Google Honcho Prods N. Korea for Missile Ban, Open Web
Humanitarian trip with Richardson draws fire
By Liam Carnahan, Newser Staff
Posted Jan 9, 2013 10:30 AM CST
Executive Chairman of Google, Eric Schmidt tours a computer lab at Kim Il Sung University in Pyongyang, North Korea on Tuesday, Jan. 8, 2013.   (AP Photo/David Guttenfelder)

(Newser) – Google exec Eric Schmidt and former New Mexico Gov. Bill Richardson are two days into their controversial visit to North Korea, and the AP has details on what they're up to: They're pressing Kim Jong Un and Co. for broader online access and more cell phones in what Richardson calls a private, humanitarian trip. They're also advocating a moratorium on missile launches (like the one that took place last month) and urging the release of a detained US citizen. The State Department is unamused, with one rep slamming the trip as "ill-advised." And John Bolton bashed the pair as having "joined the long list of Americans and others used by the Kim family dictatorship for political advantage."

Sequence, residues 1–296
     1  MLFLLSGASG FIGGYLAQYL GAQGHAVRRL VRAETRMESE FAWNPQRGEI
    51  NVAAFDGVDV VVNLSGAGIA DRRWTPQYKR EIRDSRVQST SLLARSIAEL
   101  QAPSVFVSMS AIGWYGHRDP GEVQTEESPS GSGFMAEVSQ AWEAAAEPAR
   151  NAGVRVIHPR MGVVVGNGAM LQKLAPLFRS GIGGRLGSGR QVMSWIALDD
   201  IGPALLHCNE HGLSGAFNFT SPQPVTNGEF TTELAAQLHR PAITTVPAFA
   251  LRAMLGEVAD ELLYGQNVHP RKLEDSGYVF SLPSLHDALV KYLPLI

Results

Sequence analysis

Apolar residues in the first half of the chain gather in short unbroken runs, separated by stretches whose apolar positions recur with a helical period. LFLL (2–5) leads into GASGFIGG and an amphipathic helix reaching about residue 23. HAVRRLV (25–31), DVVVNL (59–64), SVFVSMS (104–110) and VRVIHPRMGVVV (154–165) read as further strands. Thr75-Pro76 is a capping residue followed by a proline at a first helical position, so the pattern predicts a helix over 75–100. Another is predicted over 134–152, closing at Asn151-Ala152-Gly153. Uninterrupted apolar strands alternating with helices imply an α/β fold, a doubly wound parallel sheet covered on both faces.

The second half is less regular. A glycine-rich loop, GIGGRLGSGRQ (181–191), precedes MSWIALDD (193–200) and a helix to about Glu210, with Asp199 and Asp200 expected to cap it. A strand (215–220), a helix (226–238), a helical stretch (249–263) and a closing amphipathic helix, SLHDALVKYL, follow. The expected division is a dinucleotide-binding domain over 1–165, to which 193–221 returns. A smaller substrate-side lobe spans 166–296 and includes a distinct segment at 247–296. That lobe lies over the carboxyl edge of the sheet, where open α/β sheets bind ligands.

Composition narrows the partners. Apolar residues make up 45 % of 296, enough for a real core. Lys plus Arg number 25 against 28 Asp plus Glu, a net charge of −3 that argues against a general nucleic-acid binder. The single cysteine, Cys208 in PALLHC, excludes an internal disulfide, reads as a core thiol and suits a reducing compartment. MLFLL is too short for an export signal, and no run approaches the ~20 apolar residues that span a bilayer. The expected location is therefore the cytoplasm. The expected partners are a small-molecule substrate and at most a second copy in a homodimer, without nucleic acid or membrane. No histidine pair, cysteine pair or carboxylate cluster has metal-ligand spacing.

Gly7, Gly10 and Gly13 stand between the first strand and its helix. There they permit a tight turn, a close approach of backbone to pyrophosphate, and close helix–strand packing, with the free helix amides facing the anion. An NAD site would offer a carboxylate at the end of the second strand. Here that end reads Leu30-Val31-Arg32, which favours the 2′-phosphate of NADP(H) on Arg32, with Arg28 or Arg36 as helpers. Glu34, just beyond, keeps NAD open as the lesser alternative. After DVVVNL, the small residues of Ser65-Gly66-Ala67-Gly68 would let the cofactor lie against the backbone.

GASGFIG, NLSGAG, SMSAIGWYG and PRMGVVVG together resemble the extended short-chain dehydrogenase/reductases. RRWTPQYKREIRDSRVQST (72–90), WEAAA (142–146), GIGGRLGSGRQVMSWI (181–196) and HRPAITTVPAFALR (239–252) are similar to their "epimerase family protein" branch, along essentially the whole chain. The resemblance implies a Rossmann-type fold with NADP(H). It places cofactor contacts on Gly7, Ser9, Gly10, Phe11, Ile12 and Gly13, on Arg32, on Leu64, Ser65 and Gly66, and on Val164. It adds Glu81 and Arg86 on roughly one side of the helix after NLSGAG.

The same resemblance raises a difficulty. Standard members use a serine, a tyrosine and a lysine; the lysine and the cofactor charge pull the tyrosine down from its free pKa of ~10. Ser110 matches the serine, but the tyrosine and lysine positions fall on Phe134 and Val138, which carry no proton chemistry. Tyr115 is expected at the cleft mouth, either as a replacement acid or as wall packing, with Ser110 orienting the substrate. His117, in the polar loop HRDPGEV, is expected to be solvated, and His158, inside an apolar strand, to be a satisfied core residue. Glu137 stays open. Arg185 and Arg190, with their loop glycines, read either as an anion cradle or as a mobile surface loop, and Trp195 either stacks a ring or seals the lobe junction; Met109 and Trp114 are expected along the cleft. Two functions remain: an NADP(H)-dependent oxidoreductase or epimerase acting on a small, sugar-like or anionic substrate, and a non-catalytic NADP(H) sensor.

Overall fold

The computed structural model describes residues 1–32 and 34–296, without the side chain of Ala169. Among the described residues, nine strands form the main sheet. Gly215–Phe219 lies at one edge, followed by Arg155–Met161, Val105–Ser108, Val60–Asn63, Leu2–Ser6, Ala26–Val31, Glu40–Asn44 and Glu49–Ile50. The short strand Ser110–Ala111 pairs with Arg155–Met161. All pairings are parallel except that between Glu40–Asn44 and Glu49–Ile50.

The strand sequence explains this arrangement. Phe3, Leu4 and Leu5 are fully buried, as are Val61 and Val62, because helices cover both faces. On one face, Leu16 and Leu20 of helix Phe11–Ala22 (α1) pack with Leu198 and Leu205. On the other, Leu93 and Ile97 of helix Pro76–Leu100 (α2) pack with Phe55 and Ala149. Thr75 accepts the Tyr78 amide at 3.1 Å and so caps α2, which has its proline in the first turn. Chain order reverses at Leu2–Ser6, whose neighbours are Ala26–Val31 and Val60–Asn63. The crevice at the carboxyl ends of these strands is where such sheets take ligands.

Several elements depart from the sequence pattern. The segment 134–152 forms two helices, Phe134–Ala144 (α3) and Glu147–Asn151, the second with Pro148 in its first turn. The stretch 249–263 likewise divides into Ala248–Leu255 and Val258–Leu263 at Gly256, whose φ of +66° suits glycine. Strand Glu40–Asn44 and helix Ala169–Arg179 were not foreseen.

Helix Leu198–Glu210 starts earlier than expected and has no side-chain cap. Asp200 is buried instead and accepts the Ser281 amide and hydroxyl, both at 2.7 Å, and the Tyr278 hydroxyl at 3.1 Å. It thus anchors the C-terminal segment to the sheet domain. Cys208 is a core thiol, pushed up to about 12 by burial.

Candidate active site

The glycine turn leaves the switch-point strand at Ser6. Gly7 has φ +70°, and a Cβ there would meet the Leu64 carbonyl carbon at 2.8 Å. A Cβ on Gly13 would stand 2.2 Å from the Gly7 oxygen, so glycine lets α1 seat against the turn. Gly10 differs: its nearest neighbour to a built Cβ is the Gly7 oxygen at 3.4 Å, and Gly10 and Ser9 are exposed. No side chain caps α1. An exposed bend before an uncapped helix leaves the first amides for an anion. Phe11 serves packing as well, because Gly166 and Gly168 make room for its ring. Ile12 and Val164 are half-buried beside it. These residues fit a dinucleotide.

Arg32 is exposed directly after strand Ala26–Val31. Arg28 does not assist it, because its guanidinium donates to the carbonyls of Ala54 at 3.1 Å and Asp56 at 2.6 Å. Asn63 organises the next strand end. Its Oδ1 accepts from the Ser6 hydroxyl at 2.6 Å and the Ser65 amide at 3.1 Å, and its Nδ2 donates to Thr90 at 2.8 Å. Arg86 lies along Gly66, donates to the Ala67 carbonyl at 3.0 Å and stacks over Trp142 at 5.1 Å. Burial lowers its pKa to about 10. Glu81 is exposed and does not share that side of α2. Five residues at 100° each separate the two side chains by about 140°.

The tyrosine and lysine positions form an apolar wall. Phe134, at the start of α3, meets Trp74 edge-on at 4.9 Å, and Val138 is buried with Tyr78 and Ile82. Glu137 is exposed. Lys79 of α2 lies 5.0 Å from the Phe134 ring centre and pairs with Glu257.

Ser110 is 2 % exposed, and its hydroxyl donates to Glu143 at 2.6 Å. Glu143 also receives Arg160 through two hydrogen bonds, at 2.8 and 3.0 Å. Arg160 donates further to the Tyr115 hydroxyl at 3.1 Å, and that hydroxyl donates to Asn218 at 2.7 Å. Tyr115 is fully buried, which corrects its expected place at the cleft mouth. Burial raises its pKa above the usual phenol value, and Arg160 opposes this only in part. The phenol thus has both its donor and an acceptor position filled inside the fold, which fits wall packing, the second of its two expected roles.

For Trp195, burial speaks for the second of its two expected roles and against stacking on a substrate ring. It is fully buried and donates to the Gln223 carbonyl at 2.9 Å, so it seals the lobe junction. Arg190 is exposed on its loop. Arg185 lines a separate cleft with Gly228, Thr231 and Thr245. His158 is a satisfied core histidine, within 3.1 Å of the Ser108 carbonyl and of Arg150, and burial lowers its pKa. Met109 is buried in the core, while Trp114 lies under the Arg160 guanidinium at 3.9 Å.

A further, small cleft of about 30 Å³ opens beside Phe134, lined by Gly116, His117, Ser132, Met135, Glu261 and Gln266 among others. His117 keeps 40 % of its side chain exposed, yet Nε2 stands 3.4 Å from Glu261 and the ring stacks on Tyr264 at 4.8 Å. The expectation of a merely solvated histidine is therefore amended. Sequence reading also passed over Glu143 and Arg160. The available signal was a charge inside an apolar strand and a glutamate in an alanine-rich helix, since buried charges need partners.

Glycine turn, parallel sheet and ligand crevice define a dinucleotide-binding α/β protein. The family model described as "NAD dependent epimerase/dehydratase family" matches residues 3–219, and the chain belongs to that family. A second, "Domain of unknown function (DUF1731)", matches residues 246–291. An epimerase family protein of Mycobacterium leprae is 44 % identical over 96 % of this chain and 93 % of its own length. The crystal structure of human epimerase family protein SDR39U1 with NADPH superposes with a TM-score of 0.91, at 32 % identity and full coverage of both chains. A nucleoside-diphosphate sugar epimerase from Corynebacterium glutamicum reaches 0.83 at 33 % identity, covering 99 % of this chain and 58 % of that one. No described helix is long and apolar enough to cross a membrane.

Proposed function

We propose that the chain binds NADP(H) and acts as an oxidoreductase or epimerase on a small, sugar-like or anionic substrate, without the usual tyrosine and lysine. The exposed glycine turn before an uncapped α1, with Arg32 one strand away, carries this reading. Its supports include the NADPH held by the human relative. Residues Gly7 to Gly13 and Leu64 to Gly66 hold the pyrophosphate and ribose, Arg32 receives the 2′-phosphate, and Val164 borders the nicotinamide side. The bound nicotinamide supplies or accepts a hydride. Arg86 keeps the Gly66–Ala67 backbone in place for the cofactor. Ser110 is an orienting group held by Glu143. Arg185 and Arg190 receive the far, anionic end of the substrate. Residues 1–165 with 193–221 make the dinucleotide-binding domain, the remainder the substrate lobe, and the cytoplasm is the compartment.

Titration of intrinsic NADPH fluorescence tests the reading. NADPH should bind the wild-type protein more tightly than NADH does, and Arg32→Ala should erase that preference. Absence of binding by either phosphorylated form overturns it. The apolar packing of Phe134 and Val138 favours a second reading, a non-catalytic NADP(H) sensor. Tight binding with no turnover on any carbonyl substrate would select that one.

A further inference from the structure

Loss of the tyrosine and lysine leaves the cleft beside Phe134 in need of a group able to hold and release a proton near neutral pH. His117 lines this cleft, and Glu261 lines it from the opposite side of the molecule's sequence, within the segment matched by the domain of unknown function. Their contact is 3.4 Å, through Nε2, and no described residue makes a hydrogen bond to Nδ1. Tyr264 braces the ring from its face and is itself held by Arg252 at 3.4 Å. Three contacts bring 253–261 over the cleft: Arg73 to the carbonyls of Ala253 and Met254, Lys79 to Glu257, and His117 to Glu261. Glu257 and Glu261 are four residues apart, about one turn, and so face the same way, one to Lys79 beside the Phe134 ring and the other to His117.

So far, the delegation has visited the Kim Il Sung University, an upper class school where students have reportedly had access to the Internet since 2010. There, students showed Schmidt and Richardson how they use Google to do research. However, even computers at Pyongyang's main library are only connected to a highly controlled intranet, and government clearance is usually required for people who want to access the full web. If that changes, Richardson said, North Korean citizens will be "better off."

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